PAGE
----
“Furthermore, if the standard is that anything remotely Christian is beyond the pale, then our entire legal system has to go.”

    More strawmen.

    “An Islamic society must order itself under strict Islamic principles.”

    Under one interpretation. Many Muslims, clerics even, repudiate this reasoning. I’m sure you’ll try to tell me that it’s in the Koran and so they have to do it, but once again, it’s not clear to me what qualification you possess that allows you to make such grand pronouncements about what a whole religion is supposed to do.

    “Nor has the IRA murdered countless thousands of people in mass casualty attacks. The IRA doesn’t employ suicide bombers.”

    What, are you kidding me? The IRA killed hundreds of women and children throughout the 80’s and 90’s in their attacks – at least 1800 people in total. More than fourteen thousand people were injured in those attacks. The fact that they didn’t employ suicide bombers is hardly relevant – the tactical reality was, they didn’t have to. Conventionally planted bombs were more than destructive enough.

    But, you know, keep splitting hairs. Keep looking for that razor-thin distinction that allows you to convince yourself that the extremists in your camp aren’t anything to be worried about. Every time you admit that “ok, well, Christians can be terrorists, but when they do, they’re not quite as bad as TEH MOOSLEMS!”, the stronger my point becomes.

    “Trying to draw a moral equivalence between the two belittles the thousands of people who are killed in the Middle East for daring to oppose the status quo.”

    I don’t see a moral equivalence. But neither do I see the vast moral chasm that allows you, apparently, to conclude that Christian shit smells like roses.

  25. Justin says:

    “But seeing that I usually post first and last name, it won’t be an issue.”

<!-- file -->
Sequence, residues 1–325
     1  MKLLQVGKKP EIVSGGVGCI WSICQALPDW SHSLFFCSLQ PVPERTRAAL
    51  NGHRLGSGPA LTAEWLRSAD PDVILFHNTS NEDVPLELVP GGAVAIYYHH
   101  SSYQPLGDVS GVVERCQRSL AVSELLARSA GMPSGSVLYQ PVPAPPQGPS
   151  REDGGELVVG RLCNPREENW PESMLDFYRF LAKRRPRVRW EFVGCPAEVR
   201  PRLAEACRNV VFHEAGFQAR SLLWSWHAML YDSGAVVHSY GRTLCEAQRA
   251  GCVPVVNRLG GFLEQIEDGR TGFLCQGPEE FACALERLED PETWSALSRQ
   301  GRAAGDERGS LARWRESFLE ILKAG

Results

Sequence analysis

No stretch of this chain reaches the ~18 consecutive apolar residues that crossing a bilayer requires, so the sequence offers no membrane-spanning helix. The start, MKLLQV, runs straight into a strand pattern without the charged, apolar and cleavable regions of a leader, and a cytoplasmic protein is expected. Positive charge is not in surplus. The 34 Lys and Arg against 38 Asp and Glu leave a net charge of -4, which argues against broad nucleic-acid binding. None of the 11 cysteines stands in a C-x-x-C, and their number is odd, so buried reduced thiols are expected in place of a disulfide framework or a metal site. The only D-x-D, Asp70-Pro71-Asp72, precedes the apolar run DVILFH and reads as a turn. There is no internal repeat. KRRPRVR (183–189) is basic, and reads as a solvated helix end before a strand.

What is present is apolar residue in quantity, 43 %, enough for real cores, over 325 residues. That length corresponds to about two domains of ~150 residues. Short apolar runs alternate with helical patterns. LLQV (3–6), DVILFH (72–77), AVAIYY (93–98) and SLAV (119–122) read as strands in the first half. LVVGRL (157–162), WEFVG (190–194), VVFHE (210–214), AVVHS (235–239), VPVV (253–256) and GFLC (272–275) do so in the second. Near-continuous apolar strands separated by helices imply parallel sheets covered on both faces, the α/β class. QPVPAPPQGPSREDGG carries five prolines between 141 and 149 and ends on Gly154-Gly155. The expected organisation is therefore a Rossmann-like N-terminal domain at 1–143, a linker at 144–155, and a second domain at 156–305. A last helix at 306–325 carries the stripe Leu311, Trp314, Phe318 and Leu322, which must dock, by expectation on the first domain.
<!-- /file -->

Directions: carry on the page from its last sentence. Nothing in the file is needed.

I’m sorry for being snarky before. I’m reticent to use my last name, and my last inital is the same as yours – “P”.

  26. Justin Paul says:

    Well, to be fair… the IRA did force Patsy Gillespie (a catholic working at a British army base- something they saw as traitorous) to drive a truck full with bombs into a British garrison. It wasn’t a suicide bombing per say, but they held his family at gun point during the action (gillespie did not know the van blow up). But Jay’s point stands. I think a huge point here is the die-hard conviction of so many Islamist terrorists. They don’t have a political agenda. I view the IRA and the armani suited proxies in Sinn Fein as total scum, but I recognize that they are not capable of the same scale of evil as Al-Qaeda. The same thing goes for the loyalist paramilitaries who killed in the name of God, Ulster, and the Queen.

    The scale of the threat posed by Islamist terrorists is far beyond what the average christian terrorist poses. This is in part due to the scale of the mission of Islamic terorrists and in part due to their contemporary world view (totally warped). But I don’t see this as Bible v Quran argument.